Özdemir Turan, 66, is one of the very last Turkish hire-wire artists trying to continue the art of high-wire walking at his "canbazhane" (circus) in Istanbul's Beylikdüzü district. "I am over 60 now and do not want to see wire walking as a fading art form. I am one of the very last wire walking performers in Turkey," Turan said. With the initiatives of Beylikdüzü Municipality and Mayor Ekrem İmamoğlu, Turan revives an authentic circus atmosphere, which used to be much more popular almost 40 years ago. "During Ramadan, families with children come to watch my performances in the evenings. I do not know how many more years I can continue this profession but I devoted my life to wire walking," Turan said. The high-wire artist uses a pole for balance while he walks on the wire.
Born in 1950 in Istanbul's Laleli district, Turan started to work with magician Farabi from Thessaloniki in Şehzadebaşı, Fatih at the age of 12. When they were on a tour in the southwestern city of Muğla, Turan was inspired by high-wire artists. He spent days and nights to master the skill and when he returned he asked to work with senior high-wire walkers. Although he was studying dentistry at the time, Turan's passion and excitement never left him, even today.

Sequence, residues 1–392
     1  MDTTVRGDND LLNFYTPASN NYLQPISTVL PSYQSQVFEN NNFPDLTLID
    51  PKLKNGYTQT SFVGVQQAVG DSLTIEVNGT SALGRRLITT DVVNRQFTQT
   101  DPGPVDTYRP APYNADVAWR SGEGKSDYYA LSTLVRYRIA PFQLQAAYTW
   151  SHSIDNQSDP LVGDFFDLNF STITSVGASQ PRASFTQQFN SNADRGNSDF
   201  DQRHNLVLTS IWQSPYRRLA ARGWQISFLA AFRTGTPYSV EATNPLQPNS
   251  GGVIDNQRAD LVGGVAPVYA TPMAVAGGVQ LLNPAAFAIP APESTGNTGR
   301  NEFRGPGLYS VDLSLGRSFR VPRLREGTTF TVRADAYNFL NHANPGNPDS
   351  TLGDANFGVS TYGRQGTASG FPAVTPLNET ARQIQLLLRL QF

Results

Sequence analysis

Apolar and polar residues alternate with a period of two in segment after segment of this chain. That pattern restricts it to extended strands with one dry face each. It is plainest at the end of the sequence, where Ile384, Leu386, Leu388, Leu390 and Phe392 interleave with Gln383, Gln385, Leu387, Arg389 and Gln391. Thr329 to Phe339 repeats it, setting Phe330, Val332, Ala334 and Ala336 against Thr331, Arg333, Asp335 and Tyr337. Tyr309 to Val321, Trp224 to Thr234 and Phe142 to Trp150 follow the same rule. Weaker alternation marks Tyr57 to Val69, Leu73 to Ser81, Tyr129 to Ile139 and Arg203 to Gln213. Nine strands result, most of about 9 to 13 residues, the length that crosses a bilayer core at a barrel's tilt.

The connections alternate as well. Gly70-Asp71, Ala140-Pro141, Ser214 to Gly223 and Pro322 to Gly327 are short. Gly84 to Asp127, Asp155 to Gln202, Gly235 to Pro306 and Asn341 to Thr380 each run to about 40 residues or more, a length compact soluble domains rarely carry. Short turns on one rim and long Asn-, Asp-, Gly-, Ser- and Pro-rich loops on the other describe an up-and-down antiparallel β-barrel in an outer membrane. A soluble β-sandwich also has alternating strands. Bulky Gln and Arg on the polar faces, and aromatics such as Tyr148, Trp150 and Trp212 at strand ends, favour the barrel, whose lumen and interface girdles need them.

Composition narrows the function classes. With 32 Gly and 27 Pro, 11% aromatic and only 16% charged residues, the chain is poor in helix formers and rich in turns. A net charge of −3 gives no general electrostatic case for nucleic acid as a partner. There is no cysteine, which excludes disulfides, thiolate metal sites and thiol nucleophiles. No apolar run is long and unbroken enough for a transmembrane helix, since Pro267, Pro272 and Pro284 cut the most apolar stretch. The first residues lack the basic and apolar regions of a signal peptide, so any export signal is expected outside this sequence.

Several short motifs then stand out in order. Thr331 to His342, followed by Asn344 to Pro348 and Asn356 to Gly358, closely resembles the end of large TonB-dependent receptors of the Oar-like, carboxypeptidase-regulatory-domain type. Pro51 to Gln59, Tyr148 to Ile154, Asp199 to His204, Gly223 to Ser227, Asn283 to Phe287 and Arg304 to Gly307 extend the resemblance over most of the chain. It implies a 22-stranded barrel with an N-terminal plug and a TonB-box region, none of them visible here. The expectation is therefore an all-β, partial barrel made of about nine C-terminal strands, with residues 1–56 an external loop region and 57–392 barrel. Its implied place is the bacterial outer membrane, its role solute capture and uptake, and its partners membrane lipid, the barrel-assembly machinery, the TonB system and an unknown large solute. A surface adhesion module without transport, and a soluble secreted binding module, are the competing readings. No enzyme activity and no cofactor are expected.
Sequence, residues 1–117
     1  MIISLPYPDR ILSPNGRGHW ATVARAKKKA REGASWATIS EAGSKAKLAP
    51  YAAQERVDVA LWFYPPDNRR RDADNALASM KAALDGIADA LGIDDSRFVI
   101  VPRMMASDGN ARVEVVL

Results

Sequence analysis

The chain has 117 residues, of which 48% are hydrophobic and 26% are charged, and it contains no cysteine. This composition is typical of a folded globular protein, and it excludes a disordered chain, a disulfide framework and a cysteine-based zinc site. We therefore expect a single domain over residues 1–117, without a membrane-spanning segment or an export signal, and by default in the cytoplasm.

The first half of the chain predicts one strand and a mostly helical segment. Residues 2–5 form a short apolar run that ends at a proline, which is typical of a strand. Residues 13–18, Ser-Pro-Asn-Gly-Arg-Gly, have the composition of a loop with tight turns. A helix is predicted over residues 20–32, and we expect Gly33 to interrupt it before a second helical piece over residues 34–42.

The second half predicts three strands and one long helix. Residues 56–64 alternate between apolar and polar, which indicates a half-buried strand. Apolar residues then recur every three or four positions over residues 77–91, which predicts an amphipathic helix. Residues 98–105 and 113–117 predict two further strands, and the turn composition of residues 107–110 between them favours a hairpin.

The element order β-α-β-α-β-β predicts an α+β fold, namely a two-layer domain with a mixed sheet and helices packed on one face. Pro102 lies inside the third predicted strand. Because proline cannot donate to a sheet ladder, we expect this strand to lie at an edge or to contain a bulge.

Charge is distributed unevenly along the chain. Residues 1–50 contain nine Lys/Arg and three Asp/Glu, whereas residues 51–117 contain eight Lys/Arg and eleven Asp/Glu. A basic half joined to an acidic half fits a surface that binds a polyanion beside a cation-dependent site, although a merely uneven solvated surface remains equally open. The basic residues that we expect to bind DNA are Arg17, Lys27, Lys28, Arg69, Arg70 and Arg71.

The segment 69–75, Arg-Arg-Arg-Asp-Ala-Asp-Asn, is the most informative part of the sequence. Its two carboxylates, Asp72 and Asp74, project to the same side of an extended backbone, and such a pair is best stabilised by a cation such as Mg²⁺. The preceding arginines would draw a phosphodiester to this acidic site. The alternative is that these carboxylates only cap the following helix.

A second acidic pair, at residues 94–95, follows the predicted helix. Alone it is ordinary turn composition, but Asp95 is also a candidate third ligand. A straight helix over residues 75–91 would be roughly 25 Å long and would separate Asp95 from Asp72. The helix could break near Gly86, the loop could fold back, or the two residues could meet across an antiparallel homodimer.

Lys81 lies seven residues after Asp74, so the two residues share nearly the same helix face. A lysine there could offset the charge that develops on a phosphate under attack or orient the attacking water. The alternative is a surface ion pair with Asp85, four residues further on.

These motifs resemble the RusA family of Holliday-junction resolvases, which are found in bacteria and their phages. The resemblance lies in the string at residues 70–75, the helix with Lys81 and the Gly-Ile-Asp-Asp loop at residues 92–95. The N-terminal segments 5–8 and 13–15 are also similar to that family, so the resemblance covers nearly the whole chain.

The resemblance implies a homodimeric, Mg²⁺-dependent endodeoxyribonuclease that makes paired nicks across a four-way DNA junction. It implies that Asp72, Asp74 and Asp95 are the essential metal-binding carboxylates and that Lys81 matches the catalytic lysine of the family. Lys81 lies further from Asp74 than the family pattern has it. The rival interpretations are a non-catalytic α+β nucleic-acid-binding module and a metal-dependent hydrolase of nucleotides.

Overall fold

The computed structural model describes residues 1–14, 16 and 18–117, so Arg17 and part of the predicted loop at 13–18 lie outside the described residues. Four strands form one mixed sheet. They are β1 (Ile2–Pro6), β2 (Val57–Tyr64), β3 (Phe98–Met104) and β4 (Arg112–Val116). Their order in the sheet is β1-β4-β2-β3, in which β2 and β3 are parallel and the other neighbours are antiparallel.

He said that in Turkish the world "cambaz," referring to wire walkers, is written incorrectly as it should be "canbaz," deriving its origin from Persian language. "It means someone that risks his life," he said. However, the discussion still continues on its definition.
Turan said that the art of wire walking came to Turkey from central Asia and later became popular in other countries. He said wire walking performances attract audiences mostly during Ramadan.